© Albert Večerka / ESTO Photographics
A woman is about to walk in between white columns that represent elements of the human brain.
© Albert Večerka / ESTO Photographics

Building blocks of health

Osteopathic medicine provides a holistic approach to healthcare treating the whole patient rather than parts or symptoms. Focusing on wellness, it also promotes healthy lifestyles and preventative medicine. This approach dovetails well with the role of rural community primary care physician which is the focus for this student body. The building embodies the holistic concept behind the training, acting as one organism tying the parts together with interactive spaces.

Rendering of a multi-level and multi-wing glass building with clear and orange colored glass.
© Page

Sam Houston State University envisions each graduate of its College of Osteopathic Medicine playing a role in emphasizing wellness by integrating the patient into the healthcare process as a partner. Instructional spaces intended to support students’ first two years of pre-clinical instruction, research and academic programs include a teaching theater, a large active learning classroom, case-based learning team rooms, a gross anatomy lab, skills lab, and standardized patient and simulation suites.

Kinetic learning

Not everything can be learned in a traditional classroom setting so The University of Texas at Dallas set out to create a dynamic home for learning and discovery by combining academic and research spaces. The layout fosters collaborative research through shared technical support and centralized analytical facilities as well as flexible, multidisciplinary research laboratories.

Woman in anteroom works on laptop as person inside a glass lab adjusts something out of line of sight as people on the other side of lab converse in a hallway.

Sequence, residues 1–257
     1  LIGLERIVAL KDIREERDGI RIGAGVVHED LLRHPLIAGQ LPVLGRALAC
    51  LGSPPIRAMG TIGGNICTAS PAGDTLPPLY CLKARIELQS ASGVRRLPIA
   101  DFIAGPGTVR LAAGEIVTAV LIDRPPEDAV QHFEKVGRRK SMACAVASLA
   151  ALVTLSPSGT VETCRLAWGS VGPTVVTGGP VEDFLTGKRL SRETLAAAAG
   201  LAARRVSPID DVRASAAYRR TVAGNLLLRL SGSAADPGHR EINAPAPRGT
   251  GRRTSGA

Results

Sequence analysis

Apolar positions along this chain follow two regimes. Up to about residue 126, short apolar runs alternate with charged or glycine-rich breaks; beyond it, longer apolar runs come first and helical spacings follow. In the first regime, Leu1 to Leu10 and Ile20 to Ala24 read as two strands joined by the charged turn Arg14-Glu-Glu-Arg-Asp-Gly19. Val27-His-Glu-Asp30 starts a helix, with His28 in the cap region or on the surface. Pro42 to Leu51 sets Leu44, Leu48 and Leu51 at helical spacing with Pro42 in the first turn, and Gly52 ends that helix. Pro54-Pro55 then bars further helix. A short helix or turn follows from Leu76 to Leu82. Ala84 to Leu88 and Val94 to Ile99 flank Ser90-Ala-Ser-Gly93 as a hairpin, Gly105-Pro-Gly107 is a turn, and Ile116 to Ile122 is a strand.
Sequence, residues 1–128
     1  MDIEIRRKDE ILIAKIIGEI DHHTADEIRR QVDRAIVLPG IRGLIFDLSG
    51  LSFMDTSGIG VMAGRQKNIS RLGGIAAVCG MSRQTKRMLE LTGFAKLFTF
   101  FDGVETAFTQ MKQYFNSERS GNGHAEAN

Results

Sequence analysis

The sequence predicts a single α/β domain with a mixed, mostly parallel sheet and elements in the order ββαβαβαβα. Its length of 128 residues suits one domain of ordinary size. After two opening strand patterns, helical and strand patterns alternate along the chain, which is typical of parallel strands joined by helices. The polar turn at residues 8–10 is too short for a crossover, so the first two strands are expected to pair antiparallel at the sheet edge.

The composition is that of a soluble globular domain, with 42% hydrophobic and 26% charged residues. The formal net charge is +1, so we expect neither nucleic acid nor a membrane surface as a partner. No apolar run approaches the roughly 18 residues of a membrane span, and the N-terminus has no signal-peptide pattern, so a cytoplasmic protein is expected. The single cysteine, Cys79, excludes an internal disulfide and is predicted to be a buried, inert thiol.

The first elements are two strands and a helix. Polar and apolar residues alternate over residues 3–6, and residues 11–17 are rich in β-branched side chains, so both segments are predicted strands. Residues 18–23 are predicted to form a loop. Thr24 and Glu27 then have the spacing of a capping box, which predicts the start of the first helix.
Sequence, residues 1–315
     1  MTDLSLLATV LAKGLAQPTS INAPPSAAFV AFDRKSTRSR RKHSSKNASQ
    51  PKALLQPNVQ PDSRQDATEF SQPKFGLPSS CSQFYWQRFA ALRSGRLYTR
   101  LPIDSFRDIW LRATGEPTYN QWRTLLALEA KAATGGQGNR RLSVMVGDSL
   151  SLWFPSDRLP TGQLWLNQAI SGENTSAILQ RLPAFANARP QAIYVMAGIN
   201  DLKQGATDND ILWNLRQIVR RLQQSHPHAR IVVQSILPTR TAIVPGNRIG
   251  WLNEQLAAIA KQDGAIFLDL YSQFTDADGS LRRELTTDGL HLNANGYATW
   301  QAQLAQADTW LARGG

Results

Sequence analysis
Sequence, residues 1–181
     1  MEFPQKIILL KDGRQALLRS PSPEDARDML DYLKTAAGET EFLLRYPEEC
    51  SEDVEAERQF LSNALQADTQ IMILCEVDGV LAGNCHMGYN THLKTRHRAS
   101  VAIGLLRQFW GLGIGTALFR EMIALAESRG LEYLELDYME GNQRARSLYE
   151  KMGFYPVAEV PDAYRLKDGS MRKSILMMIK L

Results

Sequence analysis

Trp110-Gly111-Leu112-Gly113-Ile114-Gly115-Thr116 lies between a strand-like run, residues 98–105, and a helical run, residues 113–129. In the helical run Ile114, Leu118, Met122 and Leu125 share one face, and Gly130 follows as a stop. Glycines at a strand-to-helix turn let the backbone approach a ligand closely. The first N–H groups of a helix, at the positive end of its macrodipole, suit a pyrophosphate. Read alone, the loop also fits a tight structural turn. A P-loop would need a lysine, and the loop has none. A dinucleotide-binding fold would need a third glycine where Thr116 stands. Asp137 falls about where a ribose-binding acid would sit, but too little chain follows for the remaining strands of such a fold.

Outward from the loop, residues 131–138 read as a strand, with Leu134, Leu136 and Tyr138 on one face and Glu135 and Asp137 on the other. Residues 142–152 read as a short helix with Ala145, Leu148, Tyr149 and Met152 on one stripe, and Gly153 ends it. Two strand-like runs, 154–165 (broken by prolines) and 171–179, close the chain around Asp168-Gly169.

Nick Merrick © Hedrich Blessing
A group of students in a common two-story space converse as another studies in a booth and someone else on the second story leans against the railing checking their phone.
Nick Merrick © Hedrich Blessing

The building is designed to focus on learning and research of the functions of the brain, the nervous system, the cell, the gene and the disciplines of science and engineering as they relate to the improvement of human functions and electronic sensing devices. By bringing all neuroscience disciplines together, the facility represents a national model for collaborative, trans-disciplinary research and learning.


Setting students up for success

Portrait of Caucasian woman leader in a suit

“The transformational aspect of our College of Osteopathic Medicine is the physical translation of its holistic philosophy into architecture. For example, the osteopathic principle that ‘structure and function are reciprocally interrelated’ was designed as a grand staircase “spine”. It creates open communication spaces and encourages connectivity among students and professors. ”

Joan Albert

Page Principal / Design

Brain Performance Institute

  • Society of American Registered Architects (SARA) Design Award of Excellence
  • ENR Texas & Louisiana's Best Projects, Higher Education/Research Category, Award of Merit